The marshmallow train moves forward as I finally brought a bit of my madness to the masses. A friend who directs a local culinary school had asked me on board to teach a class on boozy marshmallows and last Friday was the big day.
My plan was to treat the evening class like a cocktail party, so I dolled up and packed up and joined the brave souls who had committed their Friday evening to Marshmallow Madness.
Joan, my cooking school friend, and her staff did an amazing job creating that party vibe. On display (and yes, for sampling) were the batches of lager, margarita, and vanilla bean marshmallows I’d made earlier that day.
I whipped up bourbon ‘mallows in class and while it wasn’t my best hair day, the ‘mallows were a hit.
My objective for the class was to convince folks that making marshmallows is 1) easy and 2) fun. As well, I wanted them to feel comfortable improvising. Up to half (maybe more, I’ve yet to try) of the liquid in any recipe can be replaced by spirit, soda, or juice of your choice. Marshmallows are also good for stir-ins (mini chocolate chips, anyone?) and coatings (toasted coconut, please). Possibilities are limited only by the cook’s imagination.
We sampled a number of different recipes, all varying in amounts of egg whites, sugar, corn syrup, gelatin, and liquid. The Miette vanilla bean marshmallows were drier and less sticky to make, but the downside is that they don’t stay fresh as long. (Though fresh marshmallows tend to disappear quickly so shelf life may not be an issue.)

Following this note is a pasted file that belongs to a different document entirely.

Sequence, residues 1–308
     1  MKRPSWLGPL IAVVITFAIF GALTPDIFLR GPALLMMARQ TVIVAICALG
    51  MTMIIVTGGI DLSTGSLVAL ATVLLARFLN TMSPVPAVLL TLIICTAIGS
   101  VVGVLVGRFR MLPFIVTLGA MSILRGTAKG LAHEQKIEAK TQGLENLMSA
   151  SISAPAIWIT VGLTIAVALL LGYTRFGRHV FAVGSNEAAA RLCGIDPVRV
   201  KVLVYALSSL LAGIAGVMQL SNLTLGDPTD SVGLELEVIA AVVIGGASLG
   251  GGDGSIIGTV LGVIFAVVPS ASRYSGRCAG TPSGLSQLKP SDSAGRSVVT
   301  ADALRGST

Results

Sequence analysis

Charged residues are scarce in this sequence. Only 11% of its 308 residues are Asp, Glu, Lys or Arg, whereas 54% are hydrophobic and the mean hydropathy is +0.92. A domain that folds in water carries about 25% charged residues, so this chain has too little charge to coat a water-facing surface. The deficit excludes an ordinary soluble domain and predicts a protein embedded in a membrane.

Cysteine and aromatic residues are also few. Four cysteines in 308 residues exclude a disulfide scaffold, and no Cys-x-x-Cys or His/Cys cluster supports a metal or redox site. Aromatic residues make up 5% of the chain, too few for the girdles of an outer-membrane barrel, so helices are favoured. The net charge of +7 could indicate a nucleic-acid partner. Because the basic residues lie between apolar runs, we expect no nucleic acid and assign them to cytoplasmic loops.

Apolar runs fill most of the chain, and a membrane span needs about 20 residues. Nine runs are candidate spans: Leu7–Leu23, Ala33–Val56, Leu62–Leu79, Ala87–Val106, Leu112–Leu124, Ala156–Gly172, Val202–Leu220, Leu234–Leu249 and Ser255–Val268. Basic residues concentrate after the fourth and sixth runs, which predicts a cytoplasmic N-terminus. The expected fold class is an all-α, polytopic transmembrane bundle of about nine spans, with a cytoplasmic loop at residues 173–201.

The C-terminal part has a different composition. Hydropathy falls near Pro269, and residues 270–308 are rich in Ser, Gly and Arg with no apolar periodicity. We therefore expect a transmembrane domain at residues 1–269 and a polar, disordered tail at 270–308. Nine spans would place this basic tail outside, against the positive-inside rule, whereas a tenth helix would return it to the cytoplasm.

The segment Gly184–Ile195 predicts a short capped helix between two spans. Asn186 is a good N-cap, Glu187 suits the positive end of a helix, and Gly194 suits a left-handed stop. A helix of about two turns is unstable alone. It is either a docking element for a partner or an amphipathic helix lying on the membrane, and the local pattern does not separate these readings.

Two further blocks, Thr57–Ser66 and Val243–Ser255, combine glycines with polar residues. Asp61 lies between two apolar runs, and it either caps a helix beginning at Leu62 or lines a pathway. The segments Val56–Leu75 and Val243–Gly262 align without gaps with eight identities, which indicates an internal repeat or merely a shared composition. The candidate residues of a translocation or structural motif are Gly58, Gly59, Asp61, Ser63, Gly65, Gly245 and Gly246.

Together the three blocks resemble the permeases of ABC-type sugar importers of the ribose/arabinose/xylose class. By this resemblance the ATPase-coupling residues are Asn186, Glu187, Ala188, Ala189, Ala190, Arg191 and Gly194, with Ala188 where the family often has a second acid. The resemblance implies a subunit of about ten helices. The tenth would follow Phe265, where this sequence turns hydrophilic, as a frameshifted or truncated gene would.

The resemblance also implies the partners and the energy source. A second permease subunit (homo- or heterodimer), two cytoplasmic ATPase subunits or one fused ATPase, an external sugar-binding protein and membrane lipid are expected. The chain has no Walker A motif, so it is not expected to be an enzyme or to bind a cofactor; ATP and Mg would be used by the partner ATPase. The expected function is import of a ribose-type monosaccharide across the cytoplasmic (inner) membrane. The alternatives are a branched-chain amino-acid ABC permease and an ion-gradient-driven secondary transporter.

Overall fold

Shana Sever’s margarita ‘mallows were the most “wet,” which some people love and others not so much. Yet all of the recipes I’ve tried from Sever’s book have stayed fresh for as long as I’ve managed to keep them around. Sever’s don’t contain egg whites; Alton Brown’s (in which I substituted lager for half of the water) do.
There’s plenty of variety in marshmallow making and I encourage anyone who has even the slightest bit of interest to give it a go. The hardest part is the cleanup–and soap and hot water are all you need to dissolve the sticky, sugary mess left on beaters and in the bowl.
More marshmallow-making fun: